Tagovailoa made his NFL debut in Week 7’s blowout win over the New York Jets, completing both his pass attempts for a total of nine yards while certainly showing better mobility than Fitzpatrick in the pocket. It was his first game action since suffering a serious hip injury last November that ended his Alabama career.

From 2017-19 at ‘Bama, the left-hander became the NCAA’s all-time leader in passing efficiency rating at 199.4 – Kyler Murray is far behind in second at 181.3. Tua also won the Walter Camp and Maxwell awards in 2018 when he finished second to Murray in the Heisman Trophy race.

While we don’t have enough pro data on Tua to compare him to Burrow and Herbert at the NFL level yet, we can take a look at the three performed during their final college season:


Power 5 avg.N/A22,92873.

Overall, it’s easy to see that Tua more than holds his own alongside Burrow and Herbert. While he had considerably fewer pass attempts in 2019, Tagovailoa led all Power 5 quarterbacks in Open Target Percentage and finished second in xCompletion Percentage and 10th in Well Thrown Percentage.

He was second behind Burrow in Well Thrown% and didn’t finish last among the three in any of these categories. Burrow’s Well Thrown% of 82.4 was third in all of Power 5 and tops among any QBs with an average attempt of over 8.5 Air Yards.

Open Target% is measured by how often the target is open, though it does include screens, RPOs, check downs, etc. Air Yards is the average distance downfield per throw and Choice, also referenced in the table above, takes into account Air Yards and Open Target%, giving us a better measure of which quarterbacks are able to find open receivers down the field.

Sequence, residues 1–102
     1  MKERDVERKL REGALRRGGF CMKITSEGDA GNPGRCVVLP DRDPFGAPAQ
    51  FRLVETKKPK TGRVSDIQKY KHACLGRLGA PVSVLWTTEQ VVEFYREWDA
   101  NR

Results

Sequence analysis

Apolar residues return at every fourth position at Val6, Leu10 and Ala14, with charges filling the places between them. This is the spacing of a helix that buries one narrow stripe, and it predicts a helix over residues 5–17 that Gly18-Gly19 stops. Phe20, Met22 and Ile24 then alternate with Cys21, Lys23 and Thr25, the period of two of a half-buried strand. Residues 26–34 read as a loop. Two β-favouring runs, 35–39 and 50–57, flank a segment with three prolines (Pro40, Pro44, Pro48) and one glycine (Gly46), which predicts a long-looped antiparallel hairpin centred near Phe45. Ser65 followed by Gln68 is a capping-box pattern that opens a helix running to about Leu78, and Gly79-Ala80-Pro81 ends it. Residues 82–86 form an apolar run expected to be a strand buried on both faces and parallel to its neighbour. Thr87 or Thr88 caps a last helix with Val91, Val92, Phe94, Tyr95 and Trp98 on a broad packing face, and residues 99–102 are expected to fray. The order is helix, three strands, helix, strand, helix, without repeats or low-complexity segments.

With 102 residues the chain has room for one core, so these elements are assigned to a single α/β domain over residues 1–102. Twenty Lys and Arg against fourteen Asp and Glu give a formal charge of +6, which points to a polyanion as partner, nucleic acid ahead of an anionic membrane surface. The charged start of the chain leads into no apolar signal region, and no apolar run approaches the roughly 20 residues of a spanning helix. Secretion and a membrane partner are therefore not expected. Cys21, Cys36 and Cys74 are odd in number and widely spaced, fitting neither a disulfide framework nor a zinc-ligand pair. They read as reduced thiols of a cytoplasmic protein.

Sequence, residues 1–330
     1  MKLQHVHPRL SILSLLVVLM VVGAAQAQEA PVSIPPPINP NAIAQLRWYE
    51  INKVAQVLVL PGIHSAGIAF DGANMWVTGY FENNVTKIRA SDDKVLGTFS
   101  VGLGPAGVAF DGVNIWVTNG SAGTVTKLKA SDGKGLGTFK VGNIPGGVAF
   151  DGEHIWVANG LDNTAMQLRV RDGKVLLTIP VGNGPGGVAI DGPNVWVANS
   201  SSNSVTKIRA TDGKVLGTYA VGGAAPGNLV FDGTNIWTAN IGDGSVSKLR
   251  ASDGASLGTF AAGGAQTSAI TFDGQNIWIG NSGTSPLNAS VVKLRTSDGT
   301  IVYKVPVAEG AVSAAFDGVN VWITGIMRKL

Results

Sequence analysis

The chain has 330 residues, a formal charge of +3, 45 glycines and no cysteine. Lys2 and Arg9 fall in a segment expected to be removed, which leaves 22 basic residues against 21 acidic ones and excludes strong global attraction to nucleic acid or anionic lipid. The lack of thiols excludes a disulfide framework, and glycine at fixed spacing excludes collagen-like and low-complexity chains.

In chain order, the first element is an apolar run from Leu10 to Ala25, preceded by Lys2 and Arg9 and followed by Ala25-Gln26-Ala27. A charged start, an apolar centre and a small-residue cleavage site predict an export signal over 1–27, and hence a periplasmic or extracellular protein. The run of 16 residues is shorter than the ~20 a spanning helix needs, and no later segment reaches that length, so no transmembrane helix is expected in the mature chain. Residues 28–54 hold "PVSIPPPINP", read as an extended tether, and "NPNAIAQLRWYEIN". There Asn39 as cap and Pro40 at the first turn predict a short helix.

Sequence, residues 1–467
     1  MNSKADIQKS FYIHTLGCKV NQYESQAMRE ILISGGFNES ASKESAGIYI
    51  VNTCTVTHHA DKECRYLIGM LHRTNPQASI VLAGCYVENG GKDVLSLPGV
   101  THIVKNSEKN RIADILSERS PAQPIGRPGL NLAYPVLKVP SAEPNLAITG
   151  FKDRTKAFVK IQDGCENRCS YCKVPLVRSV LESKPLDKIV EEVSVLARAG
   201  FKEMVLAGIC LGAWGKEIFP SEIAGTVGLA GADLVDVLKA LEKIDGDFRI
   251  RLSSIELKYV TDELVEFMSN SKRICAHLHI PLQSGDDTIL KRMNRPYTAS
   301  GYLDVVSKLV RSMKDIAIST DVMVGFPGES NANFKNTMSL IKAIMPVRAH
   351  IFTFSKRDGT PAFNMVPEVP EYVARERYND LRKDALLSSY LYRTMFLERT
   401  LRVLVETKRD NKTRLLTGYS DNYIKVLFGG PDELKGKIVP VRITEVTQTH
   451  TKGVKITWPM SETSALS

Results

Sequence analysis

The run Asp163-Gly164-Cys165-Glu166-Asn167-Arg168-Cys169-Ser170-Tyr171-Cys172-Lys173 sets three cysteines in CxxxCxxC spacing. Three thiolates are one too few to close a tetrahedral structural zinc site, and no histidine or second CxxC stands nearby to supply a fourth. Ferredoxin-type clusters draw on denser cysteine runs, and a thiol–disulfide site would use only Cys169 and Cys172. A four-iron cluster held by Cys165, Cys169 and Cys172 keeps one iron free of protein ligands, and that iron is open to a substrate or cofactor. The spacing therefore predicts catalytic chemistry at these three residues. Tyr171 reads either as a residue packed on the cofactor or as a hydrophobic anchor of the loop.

Well Thrown% is the rate of balls being thrown accurately to total pass attempts, while xComp% is the expected rate of completing passes based on Well Thrown% and whether or not the passer is targeting open receivers.


Power 5 avg.N/A5,08062.162.811.77.251.6


Power 5 avg.N/A2,86574.668.78.76.562.2

One thing to watch is how many opponents attempt to put pressure on Tua. While he does have better mobility than Fitzpatrick, Tagovailoa struggled as a junior at ‘Bama when facing pressure. He was below the Power 5 average (62.8) and behind Burrow and Herbert in Well Thrown% in those situations despite finishing well above average and ahead of Burrow and Herbert in Open Target% and Choice.

He also fared poorly when forced on the move, ending up below the Power 5 average (60.5) and behind the other two in completion percentage (59.3) and Well Thrown% despite ranking second among Power 5 QBs in Open Target%.



Even on designed rollouts and bootlegs, Tua was behind Burrow and Herbert in completion percentage (57.1), Well Thrown% and Choice while leading the way in Open Target%. Essentially, he just wasn’t able to make good, accurate throws despite targeting open receivers in those situations.

That doesn’t bode well heading into his first start against Aaron Donald and a Rams defense that ranks third in the NFL with 24 sacks heading into Week 8.

“I’ve seen a lot of him in practice, how athletic he is, how incredible of a player he is,” Dolphins defensive end Shaq Lawson said. “You get to see it Sunday this week. It’s going to be incredible. He’s going to lead his team in the right way.”

And there are a lot of people in Miami who are looking forward to it.


Data modeling and analysis by Greg Gifford, and research support provided by Sam Hovland.